World War I (1914-1918) resulted in millions of additional amputations, thus flooding the health system with disabled veterans. In response, the army created two medical divisions: The division of orthopedic surgery and the division of physical reconstruction. By 1919, 45 hospitals had physiotherapy facilities, treating hundreds of thousands of war veterans.

And then there was polio. Suddenly a viral illness created a whole new wave of disabled individuals, further stimulating the need for orthotics (leg braces and such) and rehabilitative programs.

World War II (1940-1945) resulted in yet another influx of disabled veterans. All the while the medical community was developing innovative programs to maximize veterans’ functionality and integration into society and the work place through the burgeoning field of Physical Medicine & Rehabiltiation.

Key players in the development of the specialty:

Dr. Frank Krusen developed the first physical medicine training program at the Mayo Clinic in 1935 and the “Society of Physical Therapy Physicians” (now the American Academy of Physical Medicine & Rehabilitation) in 1938. He coined the term “physiatrist” to describe the physicians who specialized in physical modalities for rehabilitating patients.

Dr. Howard Rusk founded the Institute for Physical Medicine & Rehabilitation in 1950 at NYU.  Excellent research in the field ensued.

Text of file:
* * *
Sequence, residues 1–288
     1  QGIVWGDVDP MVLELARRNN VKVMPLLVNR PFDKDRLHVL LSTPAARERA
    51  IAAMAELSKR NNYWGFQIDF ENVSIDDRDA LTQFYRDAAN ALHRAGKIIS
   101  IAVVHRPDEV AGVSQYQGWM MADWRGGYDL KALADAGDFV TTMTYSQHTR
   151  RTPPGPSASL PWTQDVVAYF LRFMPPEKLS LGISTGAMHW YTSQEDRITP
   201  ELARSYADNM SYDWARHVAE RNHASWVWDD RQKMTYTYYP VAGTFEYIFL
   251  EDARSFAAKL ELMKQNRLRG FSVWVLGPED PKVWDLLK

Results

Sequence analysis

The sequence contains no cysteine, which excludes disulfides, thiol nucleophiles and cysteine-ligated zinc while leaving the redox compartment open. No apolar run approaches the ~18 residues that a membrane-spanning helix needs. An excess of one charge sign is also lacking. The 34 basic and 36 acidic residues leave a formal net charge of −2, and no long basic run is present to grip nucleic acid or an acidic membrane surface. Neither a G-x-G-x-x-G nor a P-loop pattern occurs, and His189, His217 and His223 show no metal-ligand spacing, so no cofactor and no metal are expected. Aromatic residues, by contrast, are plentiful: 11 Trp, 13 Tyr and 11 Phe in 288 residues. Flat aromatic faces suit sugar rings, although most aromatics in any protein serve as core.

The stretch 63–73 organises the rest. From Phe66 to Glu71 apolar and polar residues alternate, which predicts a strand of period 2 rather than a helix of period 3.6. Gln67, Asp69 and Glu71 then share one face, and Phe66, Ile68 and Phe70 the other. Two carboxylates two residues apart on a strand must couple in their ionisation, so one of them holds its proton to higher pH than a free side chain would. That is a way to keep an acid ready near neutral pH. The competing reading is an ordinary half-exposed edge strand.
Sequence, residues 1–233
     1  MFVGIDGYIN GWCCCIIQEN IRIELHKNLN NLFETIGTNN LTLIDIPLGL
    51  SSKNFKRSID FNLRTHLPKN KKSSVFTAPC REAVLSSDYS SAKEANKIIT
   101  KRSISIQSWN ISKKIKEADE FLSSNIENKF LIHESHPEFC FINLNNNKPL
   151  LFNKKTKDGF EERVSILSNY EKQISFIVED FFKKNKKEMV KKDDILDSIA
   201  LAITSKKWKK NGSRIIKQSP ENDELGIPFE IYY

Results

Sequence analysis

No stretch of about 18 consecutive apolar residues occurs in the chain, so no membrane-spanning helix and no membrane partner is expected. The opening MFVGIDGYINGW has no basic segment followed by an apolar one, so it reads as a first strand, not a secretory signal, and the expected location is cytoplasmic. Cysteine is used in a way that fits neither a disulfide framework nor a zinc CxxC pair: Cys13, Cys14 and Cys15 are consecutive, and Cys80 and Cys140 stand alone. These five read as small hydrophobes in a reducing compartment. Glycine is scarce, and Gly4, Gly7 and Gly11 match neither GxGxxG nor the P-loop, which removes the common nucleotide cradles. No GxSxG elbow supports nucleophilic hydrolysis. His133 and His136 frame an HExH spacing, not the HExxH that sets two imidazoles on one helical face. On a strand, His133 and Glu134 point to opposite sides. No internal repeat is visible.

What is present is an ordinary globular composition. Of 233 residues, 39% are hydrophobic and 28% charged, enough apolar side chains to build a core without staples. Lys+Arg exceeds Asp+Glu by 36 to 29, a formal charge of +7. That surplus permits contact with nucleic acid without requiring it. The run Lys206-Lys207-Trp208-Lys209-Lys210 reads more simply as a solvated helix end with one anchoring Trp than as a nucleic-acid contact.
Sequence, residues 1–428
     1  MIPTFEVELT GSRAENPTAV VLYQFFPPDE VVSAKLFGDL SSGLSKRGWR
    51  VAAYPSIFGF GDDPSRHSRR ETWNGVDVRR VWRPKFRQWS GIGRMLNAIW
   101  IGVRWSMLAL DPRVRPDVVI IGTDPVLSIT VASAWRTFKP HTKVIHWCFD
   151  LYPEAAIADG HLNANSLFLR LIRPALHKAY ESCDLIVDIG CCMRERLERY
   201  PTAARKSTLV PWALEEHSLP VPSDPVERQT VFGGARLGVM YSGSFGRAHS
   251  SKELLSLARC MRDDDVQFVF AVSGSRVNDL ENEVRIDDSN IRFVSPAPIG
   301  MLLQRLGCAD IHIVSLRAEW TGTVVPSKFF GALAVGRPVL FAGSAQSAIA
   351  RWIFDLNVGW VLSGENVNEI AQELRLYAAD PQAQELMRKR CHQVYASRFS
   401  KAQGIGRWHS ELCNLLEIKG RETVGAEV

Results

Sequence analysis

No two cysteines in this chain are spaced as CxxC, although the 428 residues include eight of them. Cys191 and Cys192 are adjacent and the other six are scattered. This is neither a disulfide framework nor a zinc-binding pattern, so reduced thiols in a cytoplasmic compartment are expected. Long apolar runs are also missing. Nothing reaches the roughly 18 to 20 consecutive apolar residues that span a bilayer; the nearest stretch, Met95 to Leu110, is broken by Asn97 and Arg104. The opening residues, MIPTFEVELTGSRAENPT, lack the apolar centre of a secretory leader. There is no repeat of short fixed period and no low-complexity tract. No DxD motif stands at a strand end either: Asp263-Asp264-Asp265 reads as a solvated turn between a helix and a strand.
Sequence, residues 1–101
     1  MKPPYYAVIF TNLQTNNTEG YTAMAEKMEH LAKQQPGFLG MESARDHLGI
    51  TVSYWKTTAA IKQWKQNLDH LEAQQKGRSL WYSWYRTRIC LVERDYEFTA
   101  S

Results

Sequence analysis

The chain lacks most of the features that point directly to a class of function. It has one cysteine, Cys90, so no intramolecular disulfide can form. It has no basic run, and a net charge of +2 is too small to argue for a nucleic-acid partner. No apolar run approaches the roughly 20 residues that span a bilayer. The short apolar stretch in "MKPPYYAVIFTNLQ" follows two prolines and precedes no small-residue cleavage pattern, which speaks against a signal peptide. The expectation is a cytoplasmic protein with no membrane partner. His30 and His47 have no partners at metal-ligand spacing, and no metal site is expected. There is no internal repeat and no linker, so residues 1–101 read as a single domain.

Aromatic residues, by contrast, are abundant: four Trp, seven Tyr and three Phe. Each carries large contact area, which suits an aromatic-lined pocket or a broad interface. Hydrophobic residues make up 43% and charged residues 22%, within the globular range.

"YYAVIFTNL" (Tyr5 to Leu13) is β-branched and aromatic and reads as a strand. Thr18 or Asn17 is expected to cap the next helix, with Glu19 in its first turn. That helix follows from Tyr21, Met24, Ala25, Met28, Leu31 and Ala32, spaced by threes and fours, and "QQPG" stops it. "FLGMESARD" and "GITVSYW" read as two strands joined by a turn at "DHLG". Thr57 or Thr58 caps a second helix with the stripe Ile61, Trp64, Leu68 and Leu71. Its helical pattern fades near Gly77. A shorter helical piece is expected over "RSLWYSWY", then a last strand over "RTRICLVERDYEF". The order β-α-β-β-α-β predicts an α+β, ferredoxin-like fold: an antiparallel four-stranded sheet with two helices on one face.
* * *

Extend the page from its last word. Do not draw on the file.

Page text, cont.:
Dr. Henry Kessler founded the Kessler Institute for Rehabilitation, in New Jersey, 1949.  More medical research was developed.

Mary E. Switzer successfully lobbied for the enactment of Public Law 565 which mandated that government funds be channeled towards rehabilitation facilities and programs for the disabled.

What’s in a name?

So as you can see, there is some good reason to be confused about the modern specialty of PM&R. It has undergone several name changes, molded by historical circumstance. Today, physiotherapists (they still go by that name in Canada) or physical therapy technicians have become a well known and respected profession: Physical Therapy.

Physicians who specialize in Physical Medicine & Rehabilitation are called rehabilitation medicine specialists or “rehab docs” or “physiatrists.”

-See Next Post for the rest of the story -
This post originally appeared on Dr. Val’s blog at

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2 Responses to “What the heck is a "rehab doc?" Part 1”

  1. wellth says:

    Thank you for the history lesson!

  2. Anonymous says:

    I know very well what a rehab doc does, as both my mother and myself had to avail ourselves of medical rehab after surgery. This place and the doctors, therapist both physical and occupational and social workers made the difference in the speed in which I was able to go back to work and my mother to go back to living alone. My “fondest” memories is of how to get in to a car and  how to open a can using one hand. It was comforting to know all this ws being done under the guidance of a doctor who was “on” the premises and one whom we saw regularly about our progress.